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Many, many tears ensued. I think mostly because I was so disappointed in myself for making such an elementary mistake. I’ve never worked with one-directional fabric before and it hadn’t even occurred to me that I would need to worry about cutting my pattern pieces appropriately. And my sadness only got worse when I found out that the company I’d ordered the fabric from was out of stock. My husband spent an entire evening trying to source it from elsewhere – making calls and sending emails – but we found nothing. In the end, I figured that the only way forward would be to either scrap the project entirely or to try and make it work on the fabric that I still have. I managed to recut the bodice pieces from some remnants. The skirt was the real issue. In this instance, I had to reshape and resize the pieces to fit on the existing pieces of skirt fabric – basically turning them upside down. I mocked up a version with some cheap knit fabric to see if it would work and it seems like it should – although it’s difficult to gauge on this particular pattern because there are a lot of different parts to the dress. So keep your fingers crossed for me and hopefully I’ll have a dress to show you before long!

To keep me from getting too depressed about my silliness, I’ve also had my eyes on a project to come after this one. For those of you who are on Instagram (there’s a link to my profile in the sidebar for anyone interested), you might have already seen the Sewing the Scene challenge. This challenge is asking participants to sew a garment inspired by a film or a TV show. I’m definitely feeling the potential here and I’ve been searching around trying to settle on something that I could make. There are just so many options! If you’re planning on participating, definitely let me know. I’d love to hear what you’re up to and follow your process.

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That’s all for now. I’ll be back on Friday with a new My Vintage Life post – I’m planning a really great one, so I hope you’ll stop by. In the meantime, happy Wednesday!

Claiming Your Space

Hi chickadees and chickadudes!

I hope that this week has been treating you well. I’ve been poorly – explaining my brief disappearance from the site. It also means that the long awaited Joan dress is a little more delayed. Fortunately, it’s pretty much done and I should have pics for you soon!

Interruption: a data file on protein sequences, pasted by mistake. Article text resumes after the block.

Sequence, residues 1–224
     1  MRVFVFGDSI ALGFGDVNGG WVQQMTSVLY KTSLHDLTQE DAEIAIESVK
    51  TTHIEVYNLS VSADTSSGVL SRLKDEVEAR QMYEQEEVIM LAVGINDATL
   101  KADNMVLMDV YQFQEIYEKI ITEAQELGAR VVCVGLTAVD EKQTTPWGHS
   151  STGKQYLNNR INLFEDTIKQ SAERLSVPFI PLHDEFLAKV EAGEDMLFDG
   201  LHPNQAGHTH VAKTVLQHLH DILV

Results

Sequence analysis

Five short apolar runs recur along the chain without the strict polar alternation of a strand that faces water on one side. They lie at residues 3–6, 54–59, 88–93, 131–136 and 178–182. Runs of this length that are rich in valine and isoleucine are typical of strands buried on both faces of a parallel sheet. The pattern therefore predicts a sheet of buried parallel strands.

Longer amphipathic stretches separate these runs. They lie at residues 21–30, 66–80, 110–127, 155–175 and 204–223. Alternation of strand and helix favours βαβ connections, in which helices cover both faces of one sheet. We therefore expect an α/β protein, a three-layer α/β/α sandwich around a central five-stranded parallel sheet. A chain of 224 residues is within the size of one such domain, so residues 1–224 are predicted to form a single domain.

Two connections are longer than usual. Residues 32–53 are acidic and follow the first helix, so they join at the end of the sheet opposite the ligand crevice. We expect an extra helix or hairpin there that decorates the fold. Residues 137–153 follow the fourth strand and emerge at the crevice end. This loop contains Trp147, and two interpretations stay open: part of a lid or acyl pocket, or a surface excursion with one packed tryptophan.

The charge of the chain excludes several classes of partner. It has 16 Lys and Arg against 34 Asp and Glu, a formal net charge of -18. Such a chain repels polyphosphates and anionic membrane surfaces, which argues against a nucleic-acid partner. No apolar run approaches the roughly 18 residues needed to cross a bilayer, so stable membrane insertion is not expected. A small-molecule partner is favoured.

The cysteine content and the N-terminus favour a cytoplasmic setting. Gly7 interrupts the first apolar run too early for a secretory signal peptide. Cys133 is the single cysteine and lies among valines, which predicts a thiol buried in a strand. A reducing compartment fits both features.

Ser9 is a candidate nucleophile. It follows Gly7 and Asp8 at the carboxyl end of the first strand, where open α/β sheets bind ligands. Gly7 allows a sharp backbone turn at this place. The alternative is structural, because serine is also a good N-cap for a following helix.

A couple of weeks ago I answered some questions for the awesome sewing social site, The Fold Line (if you haven’t checked it out – you must. It is the home for my group of 20-something sewers and lots of other cool ways to connect with fellow sewers). The fabulous Kate and Rachel who run The Fold Line wanted some info on Sew for Victory to preview on the site. One particular thing they asked for was a picture of my sewing space. Well, it suddenly occurred to me that – as the creative centre for sewers of all levels – the sewing space is a hugely under-celebrated component of the whole sewing process.

I live in a tiny terraced house – about as narrow as a house comes. So creating a space specifically for my sewing was a challenge. Fortunately, a little creative furniture movement and a cool IKEA craft table left me with a perfect area for all of my sewing needs!

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Obviously the ability to develop a designated sewing space depends totally on what you’ve got available. But even if you’re making do with a corner of the dining room table, there are a few essential things that you can do to make sure that the space is your own:

  1. Get good storage for sewing supplies – My IKEA table has a couple of compartments in the legs that I use to store my patterns. But I use second-hand plastic boxes for everything else – mostly for my fabric stash. Just make sure that you’ve got easy access to everything you could need. There’s nothing worse than taking time out of sewing to hunt for your carbon paper/tracing wheel/thread etc.
  2. Sewing books/magazines – I’m always referring to my various instructional books when I need a bit of guidance. So having them on hand is a must. I also have a kindle station set up if I need to Youtube anything (or, more likely, watch Midsomer Murders while I sew).
  3. Inspiration – For me, this is probably the most important thing (other than a sewing machine, of course). I keep my vintage magazines nearby, plus a couple of quirky bits-and-pieces that always cheer me up. Whether it’s sewing-specific inspiration, or simply something to make you smile on a rainy day, it will totally amplify your sewing experience. Trust.

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Whatever you decide to do – and whatever you have to work with – your sewing space should be an area that you love to be. And an area where you feel as awesome as you are!

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Love you all x